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Escape your demographic
By Chris Colcord
Fort Wayne Reader
It's always a little unnerving when you discover that corporate marketers have you pegged to a T and seem to have an almost supernatural knowledge about your particular tastes. On a recent errand to the local Ace Hardware store I was stopped cold by the music I heard playing over the stereo system — ten steps into the store and I could tell instantly that not only was the song being played a favorite of mine, but I also knew that it was a relatively obscure one as well, a song that I never expected to hear in the place where Connie Stevens had once sung the company's jingle.
After a few bewildered seconds I was finally able to ID the song — "Age of Consent," by New Order, that great, jangly, propulsive song from the band's Power, Corruption, and Lies LP from 1983. As much as I liked hearing the song, it sounded disorienting in that environment — you get accustomed to hearing non-threatening, radio-friendly songs when you're shopping, "Baker Street" and Simon and Garfunkel, Bananarama and "Break My Stride." But gloomy alternative/punk/goth disco from the 80s? It seemed like a total anomaly. Or maybe a brave new world.
The next song on the playlist was another surprise, too, for suddenly I was hearing Morissey's theatrical baritone crooning "Frankly Mr. Shankly" to the assembled Sunday shoppers picking out their Weed Whackers and socket wrenches. This, too, seemed radiantly bizarre: the Smiths on the air at Ace Hardware? The band with that pretentious, omni-sexual lead singer/provocateur who sported the Gumby haircut? What's going on here? Again, I loved The Queen is Dead but my pleasure at hearing the song was somewhat diluted by my sudden paranoia, for I was starting to wonder if somebody had known that I was going to be buying plants that day and had set up the playlist to keep me occupied.
I have to admit that by this time I had already gathered all my purchases and was ready to check out, but I was deliberately dawdling, eager/fearful to hear what the next song was going to be. When I heard the whooshing synthesizers from the intro of Iggy Pop's "Fire Girl," I was convinced that somebody had broken into my car and stolen my CDs and plugged them into the system. Nobody but me likes that song, for God's sake, it's a junky, hammy love ballad from Iggy's wholly discredited 1984 money-grab Blah-Blah-Blah, an overproduced, critically-derided mess that I loved anyway.
It was conceivable, I thought desperately, that some Iggy Pop song could be played here — "The Passenger" is a friendlier tune, one that's made it into some TV ads, and "Lust for Life" has been somewhat ubiquitous since it was used in Trainspotting in 1996. But "Fire Girl"? I looked over the other shoppers in line and determined there could only be one person who would possibly be interested in hearing that song. By now I was thoroughly spooked and so I paid for my plants and got out of there, eager to leave before another troubling, personal song from my tortured past blared through the speakers.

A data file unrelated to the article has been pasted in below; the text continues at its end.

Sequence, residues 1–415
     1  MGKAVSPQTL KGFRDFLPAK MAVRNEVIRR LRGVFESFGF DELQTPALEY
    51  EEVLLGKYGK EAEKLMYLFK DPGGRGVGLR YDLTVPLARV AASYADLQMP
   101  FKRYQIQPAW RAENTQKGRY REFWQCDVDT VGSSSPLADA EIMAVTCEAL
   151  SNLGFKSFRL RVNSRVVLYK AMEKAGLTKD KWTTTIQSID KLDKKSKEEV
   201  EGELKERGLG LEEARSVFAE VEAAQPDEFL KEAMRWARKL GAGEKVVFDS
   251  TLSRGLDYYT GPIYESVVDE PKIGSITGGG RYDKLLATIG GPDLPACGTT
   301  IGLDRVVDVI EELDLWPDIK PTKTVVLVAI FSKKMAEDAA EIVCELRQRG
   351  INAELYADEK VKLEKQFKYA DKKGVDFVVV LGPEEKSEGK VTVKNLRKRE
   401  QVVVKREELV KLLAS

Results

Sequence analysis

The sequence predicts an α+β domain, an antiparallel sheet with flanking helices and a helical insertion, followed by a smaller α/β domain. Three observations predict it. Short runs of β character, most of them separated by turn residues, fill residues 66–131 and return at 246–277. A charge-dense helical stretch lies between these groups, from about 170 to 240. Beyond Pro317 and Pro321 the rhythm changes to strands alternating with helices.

Of course I realized later that there was hardly anything otherworldly about the occurrence of those songs--any mildly-informed musicologist would instantly recognize those three artists as early-80s, alternative/punk mainstays, artists that helped break up the log jam of Journey/Foreigner/Styx AOR radio sludge so prevalent in the Reagan years. And of course it's not a stretch to imagine that fans of those bands would eventually get older, and find themselves one day needing to clean the gutters with products bought from a chain hardware store that was somehow cannily aware of their musical tastes. All of this was feasible, logical, perfectly acceptable; yet I couldn't help feeling a little spooked and dispirited by the whole experience, for it suddenly dawned on me that my musical tastes weren't nearly as unique as I had once thought. Which meant, of course, that I wasn't as unique as I once thought, either.
It's the same feeling I had when my teenage daughter asked me a few years back if I knew the song "Mother of Pearl" by Roxy Music. Good God, I said, Yes I know that song. "Mother of Pearl" is one of my all-time songs, I told her, a top 5, a song I did time with, a song I used to get through numerous break-ups, dark nights of the soul, what-does-it-all-mean reveries, etc. An obscure song, really, I said, for though Roxy Music had their American successes ("Love is the Drug," the Avalon LP) that particular song is structurally so odd with lyrics so arch and self-mocking that I couldn't imagine that it ever reached a wide audience and was only known by Roxy Music fanatics. That was when my daughter told me the song was featured in the sitcom How I Met Your Mother and that it had suddenly become popular because of the exposure.
It's embarrassing to admit how offended I was by this information — how dare they use my song! I wanted to yell at her. I had forged such an intense, personal relationship with "Mother of Pearl" that it vexed me to know that some TV writer had liked it, too; I thought "Mother of Pearl" was my own private domain, my sacred refuge. To know that it was blithely being disseminated to the masses enraged me, and I maintained a childish vendetta against the show for years. (Of course, I never watched it in the first place.)
It's beguiling to think that our particular tastes are so unique and singular that they could never be duplicated in another person, but as Ace Hardware, Inc. has shown me, that's hardly the case. I guess it's probably a positive thing, to know that there's a demographic out there with my name on it, but I remain wary of the entire notion. Like Groucho Marx once so famously said, I'd hate to belong to any club that would have me for a member.